Perhaps the approach to reviving a heritage brand with its history was not meant to be a surprise. It’s only appropriate — in a climate stifled by outward innovation, introspection is more attractive than ever. With dark stallion Daniel Lee at the helm of the quintessential British heritage house, London’s fashion crowd is finally getting some sun glow after a period overcast by Milan and Paris’s looming presences.
Since the release of the new campaign images, typeface, bright electric blue logo and return of the Burberry Equestrian Knight Design (EKD), there has been nothing but excitement. Lee teased his debut by placing the iconic trench coat on British creatives all over London, making a strong statement about the role the brand’s 167-year story will play in his Burberry tenure. It somehow seemed like archival pieces were going to get the spotlight in the way they were preserved.But cut to the runway and all that is revealed to be fair play of misdirection — trench coats synonymous with the brand did open the show, but instead in black and with rich forest-green faux fur-trimmed lapels. Followed by check angled at a degree and explored in rich and bold colours across tailoring, blanket coats and knits, and features of the English rose in not red, but blue.
We got the part about the Bradford-born designer celebrating everything British right, but how he was going to do that was what we missed. Amidst the punk and Vivienne Westwood-ian noir palette of velvety tones and grunge silhouettes (that also nodded to today’s growing obsession with prep), there was warmth — something inherent to the brand yet somewhat invisible to most. That is, until today.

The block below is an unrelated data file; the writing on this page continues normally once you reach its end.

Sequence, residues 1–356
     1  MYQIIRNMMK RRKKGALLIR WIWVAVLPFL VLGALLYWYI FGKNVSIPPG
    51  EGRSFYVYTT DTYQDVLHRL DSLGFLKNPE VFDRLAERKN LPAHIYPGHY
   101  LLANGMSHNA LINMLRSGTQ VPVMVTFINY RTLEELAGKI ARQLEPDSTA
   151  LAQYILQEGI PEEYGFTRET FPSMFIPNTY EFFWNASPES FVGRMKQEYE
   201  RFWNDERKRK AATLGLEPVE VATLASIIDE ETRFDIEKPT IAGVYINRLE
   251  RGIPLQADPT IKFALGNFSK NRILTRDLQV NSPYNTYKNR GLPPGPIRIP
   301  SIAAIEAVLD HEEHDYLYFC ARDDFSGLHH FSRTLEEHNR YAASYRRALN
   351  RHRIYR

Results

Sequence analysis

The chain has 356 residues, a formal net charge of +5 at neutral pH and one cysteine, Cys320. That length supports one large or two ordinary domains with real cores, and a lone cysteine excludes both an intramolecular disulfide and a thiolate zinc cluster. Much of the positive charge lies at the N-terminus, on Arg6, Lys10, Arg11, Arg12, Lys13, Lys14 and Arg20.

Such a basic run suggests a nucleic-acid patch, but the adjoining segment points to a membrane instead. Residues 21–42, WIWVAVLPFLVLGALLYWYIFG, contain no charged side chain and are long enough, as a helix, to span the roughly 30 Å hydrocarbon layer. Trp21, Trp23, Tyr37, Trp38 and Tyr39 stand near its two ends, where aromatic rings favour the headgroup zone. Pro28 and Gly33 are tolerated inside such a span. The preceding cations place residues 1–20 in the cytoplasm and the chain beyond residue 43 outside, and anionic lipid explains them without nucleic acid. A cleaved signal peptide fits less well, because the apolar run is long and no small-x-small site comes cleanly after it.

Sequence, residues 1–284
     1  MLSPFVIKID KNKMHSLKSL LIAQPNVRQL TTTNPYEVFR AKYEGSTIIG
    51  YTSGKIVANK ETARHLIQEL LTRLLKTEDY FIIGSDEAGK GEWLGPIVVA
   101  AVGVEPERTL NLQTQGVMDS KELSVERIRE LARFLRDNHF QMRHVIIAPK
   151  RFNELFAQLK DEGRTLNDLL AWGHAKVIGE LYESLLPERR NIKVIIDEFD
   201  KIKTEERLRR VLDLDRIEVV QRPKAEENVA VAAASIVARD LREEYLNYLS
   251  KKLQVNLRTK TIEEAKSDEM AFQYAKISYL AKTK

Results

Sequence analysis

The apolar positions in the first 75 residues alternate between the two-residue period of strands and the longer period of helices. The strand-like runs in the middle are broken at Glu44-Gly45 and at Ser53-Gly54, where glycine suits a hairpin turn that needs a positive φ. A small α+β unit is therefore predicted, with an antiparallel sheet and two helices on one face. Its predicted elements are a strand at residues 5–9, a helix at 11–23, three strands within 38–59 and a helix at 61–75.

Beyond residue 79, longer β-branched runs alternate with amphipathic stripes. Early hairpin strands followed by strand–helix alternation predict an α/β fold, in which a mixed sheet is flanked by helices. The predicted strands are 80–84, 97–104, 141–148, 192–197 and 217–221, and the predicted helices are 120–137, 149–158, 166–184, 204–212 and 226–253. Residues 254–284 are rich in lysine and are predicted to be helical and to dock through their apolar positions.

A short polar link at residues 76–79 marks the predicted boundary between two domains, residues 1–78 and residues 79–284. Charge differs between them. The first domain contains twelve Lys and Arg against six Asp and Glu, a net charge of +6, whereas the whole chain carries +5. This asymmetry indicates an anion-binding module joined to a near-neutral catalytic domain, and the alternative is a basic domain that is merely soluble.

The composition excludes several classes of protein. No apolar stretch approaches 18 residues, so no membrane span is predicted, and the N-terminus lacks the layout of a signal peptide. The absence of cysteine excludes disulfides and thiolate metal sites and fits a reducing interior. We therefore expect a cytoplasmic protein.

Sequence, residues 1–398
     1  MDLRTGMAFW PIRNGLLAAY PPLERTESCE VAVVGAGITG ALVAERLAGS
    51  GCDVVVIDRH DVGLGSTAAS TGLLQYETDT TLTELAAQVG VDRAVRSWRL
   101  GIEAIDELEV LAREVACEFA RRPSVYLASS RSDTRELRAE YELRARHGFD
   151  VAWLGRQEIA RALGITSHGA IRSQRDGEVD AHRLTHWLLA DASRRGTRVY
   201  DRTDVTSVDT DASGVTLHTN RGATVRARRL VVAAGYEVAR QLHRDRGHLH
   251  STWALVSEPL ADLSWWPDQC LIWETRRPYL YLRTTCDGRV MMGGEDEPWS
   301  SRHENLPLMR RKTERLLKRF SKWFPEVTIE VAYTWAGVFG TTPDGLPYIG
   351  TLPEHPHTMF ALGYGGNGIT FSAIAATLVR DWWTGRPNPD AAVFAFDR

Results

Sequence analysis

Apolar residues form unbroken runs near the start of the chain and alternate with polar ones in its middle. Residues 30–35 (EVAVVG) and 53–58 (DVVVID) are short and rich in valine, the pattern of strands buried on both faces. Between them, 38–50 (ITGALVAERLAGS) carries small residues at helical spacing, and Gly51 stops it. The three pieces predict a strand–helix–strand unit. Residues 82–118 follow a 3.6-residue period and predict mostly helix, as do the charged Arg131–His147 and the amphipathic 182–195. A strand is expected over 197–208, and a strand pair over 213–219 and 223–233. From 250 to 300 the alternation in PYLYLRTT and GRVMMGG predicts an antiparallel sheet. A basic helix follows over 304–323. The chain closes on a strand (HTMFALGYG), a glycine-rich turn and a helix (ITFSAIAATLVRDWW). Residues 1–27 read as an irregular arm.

Where Tisci stripped Burberry bare to its fundamentals, Lee found nostalgia. In his eyes, trench coats were always more than uniform; they were a means of protection from the cold, wet, and gloom, an enabler of adventure and comfort even in sorry weather. And so appropriate are the sights of fluffy foxtail head-wraps and keychains, fur-trimmed mules, and knitted duck hats — Lee said that the last is “very British – they are about London parks, and the rain”.
That was how the collection took shape, dressing the same diverse casting from the Tisci era in British sartorial moments that will catch you off guard with a smile. Tartan ensembles in Wimbledon purple, magenta and daffodil yellow came with equestrian boots and other renditions of “wellies”, while chunky Aran and argyle jumpers framed catchphrases like “The Winds Of Change” and “A Rose Isn’t Always…Red” in a band-tee style. The EKD, now in the characteristic Burberry blue, is blown up on a draped dress. A rose-covered fur coat that looked like it came out of a British soap opera completes Lee’s vision for the eccentric patchwork blanket of what makes Britain British, with Burberry being an undeniably vital piece of this puzzle.
Lee had also injected his knack for creating It-bags into the brand, topping plaid-covered hot water bags with an assortment of new shapes in leather and suede. Satchels and saddle bags reminiscent of Burberry’s relationship with the outdoors fasten with the initial ‘b’, emphasising the designs being functionality — which remains one of the pillars Lee has worked around for this Burberry collection.
So what can we make of this zeitgeist moment in the age of brand revivals? One, Lee has proven yet again that he still has the magic touch to create fashion that appeals to both those who care about tradition and those who are starting to. Two, Burberry could finally become the new old face to win over the next generation of taste-makers — this gentler outfit of style recalls a more real and more authentic youth-driven energy that could very well be what it takes to make Burberry this season’s most colourful (and warm) comeback in fashion.